I’m at 23rd and 10th, waiting for the bus uptown, checking my phone on the MTA app for the time of the next arrival. The app tells me the bus is five stops away. Among the passengers sitting on the steel bench, there’s a heavy-set woman who’s observing me with a quizzical look. “Five stops away,” I say to her.
“How you know that?” she asks me. I show her my screen. “You can program in the number of any bus and the phone will show you when it’ll get here.” She nods in a kind of smiling bewilderment. Wow, I can hear her thinking, modern technology. She gives me a half smile. “My son, he give me phone like yours,” she tells me. “But I no know how to use.” She shakes her head.
“It’s really not so hard,” I say. “You just have to learn a few moves, like what features you want to tap. It’ll tell you the time, for instance, or the weather, or how to get to Yankee Stadium. You can look up anything.” She’s looking at me impassively. “Anything?”
“Yeah. You want to know what year Napoleon was born? You can look him up on your search engine.”
I see her look of incomprehension; she doesn’t know what a search engine is.
I sit next to her and hold up the instrument so she can see. “Look, you see this bar at the top? If you tap it like this, the keyboard will appear, and you can type in whatever you want to look up, Like Napoleon, say, or how to cook pork chops.”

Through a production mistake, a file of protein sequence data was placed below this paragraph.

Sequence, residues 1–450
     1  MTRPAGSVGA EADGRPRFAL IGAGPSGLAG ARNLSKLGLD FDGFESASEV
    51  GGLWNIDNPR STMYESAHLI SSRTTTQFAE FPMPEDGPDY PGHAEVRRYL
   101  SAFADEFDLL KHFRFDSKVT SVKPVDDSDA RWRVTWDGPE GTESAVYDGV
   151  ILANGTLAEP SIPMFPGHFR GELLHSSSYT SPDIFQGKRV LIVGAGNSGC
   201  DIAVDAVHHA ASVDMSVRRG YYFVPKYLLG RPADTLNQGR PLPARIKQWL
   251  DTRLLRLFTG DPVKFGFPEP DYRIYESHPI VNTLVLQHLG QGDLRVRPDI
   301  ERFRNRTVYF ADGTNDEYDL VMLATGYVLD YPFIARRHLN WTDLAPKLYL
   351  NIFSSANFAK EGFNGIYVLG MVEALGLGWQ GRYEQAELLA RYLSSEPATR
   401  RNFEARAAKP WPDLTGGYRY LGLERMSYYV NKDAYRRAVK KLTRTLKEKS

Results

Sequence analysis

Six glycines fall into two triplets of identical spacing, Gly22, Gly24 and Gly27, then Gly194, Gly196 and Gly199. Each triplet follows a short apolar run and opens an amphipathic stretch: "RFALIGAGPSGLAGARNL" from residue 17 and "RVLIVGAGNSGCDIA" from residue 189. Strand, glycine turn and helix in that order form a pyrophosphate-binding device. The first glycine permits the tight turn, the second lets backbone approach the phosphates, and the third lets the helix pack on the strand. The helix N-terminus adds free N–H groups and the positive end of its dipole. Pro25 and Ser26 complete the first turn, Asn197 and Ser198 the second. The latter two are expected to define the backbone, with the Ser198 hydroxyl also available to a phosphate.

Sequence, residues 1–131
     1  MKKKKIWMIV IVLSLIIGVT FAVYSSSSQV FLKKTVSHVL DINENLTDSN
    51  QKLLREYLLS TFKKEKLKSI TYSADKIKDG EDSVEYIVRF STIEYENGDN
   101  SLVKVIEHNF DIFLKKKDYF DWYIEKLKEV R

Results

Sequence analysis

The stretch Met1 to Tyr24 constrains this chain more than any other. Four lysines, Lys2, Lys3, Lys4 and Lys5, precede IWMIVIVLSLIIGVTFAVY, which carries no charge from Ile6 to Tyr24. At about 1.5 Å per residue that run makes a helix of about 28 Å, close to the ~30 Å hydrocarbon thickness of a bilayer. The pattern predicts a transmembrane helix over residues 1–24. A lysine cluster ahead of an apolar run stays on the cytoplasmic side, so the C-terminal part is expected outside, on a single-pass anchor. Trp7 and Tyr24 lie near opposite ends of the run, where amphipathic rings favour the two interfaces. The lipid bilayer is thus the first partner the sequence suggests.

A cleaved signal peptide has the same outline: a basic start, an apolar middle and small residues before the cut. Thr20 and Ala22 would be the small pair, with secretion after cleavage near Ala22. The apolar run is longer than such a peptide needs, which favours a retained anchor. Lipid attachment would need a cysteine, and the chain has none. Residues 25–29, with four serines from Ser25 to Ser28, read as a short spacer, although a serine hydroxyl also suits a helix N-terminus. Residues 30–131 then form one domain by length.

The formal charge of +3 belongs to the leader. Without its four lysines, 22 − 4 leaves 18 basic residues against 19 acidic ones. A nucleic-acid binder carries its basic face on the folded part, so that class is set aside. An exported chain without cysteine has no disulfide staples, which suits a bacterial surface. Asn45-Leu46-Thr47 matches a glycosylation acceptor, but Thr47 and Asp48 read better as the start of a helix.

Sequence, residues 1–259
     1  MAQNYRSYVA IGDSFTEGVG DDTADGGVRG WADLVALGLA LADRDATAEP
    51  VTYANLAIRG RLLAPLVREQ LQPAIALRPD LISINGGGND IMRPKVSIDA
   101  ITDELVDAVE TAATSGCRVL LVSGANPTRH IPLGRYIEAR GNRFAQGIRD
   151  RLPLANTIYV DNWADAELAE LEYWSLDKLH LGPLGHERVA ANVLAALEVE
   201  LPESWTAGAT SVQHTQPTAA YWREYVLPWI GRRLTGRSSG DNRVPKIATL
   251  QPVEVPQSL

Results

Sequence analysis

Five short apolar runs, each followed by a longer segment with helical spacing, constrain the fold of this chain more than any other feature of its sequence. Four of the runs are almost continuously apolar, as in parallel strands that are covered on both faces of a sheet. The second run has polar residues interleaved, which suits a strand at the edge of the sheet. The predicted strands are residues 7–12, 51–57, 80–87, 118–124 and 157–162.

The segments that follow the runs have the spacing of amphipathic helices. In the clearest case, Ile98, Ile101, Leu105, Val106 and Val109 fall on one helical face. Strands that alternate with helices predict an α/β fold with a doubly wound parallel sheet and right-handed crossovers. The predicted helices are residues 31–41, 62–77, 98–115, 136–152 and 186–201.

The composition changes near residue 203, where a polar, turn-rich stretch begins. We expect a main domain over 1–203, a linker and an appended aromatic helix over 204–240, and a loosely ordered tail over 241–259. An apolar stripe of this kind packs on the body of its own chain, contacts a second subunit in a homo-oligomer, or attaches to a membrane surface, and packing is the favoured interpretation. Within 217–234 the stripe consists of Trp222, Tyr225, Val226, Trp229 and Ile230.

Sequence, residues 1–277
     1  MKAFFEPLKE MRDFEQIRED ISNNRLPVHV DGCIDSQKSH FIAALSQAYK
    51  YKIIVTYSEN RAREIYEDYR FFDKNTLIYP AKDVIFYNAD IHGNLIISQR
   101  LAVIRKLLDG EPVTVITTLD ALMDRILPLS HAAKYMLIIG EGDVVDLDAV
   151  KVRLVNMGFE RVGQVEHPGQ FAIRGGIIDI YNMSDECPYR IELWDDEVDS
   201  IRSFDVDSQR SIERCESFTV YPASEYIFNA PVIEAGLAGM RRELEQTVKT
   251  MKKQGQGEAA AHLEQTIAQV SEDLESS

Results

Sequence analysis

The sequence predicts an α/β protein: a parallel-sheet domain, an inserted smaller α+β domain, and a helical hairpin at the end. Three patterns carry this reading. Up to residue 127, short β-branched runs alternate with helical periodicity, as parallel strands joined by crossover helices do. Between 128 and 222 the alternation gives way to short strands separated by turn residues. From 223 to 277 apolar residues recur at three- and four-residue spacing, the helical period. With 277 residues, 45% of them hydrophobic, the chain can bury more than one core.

I get up and move into the street, looking down the avenue for the bus. I see her beckoning to me with her finger. I return to her and she whispers a word to me: “Diarrhea.”
I’m startled. “Diarrhea?” I cry. “Shhh!” she cautions me, “can you find?” “Sure.” I type the word into the search bar: D-I-A-R-R—
–and it comes right up: the Wikipedia definition: a condition in which feces are discharged from the bowels frequently and in a liquid form—–and then, People Also Ask: How long does it last? How do you treat it? Etc.
She’s amazed. She reaches for the phone and I let her have it for a moment. She’s reading avidly. I move six feet into the street to check on the bus –and it’s here! I return to the bench and reach for my phone.
“No!” she cries, “please–!” She yanks the phone away protectively. She’s so enthralled by the info she’s been reading but then realizes she has to relinquish the instrument. It’s mine, it belongs to me. We sit opposite each other on the bus. She’s in a mild state of agitation, thinking about the world of possibilities waiting for her if she will simply start tinkering with the phone her son gave her.
Finally, she leans forward to me: “Thank you.” She says,
And I go on my way hoping she’ll do the follow-up.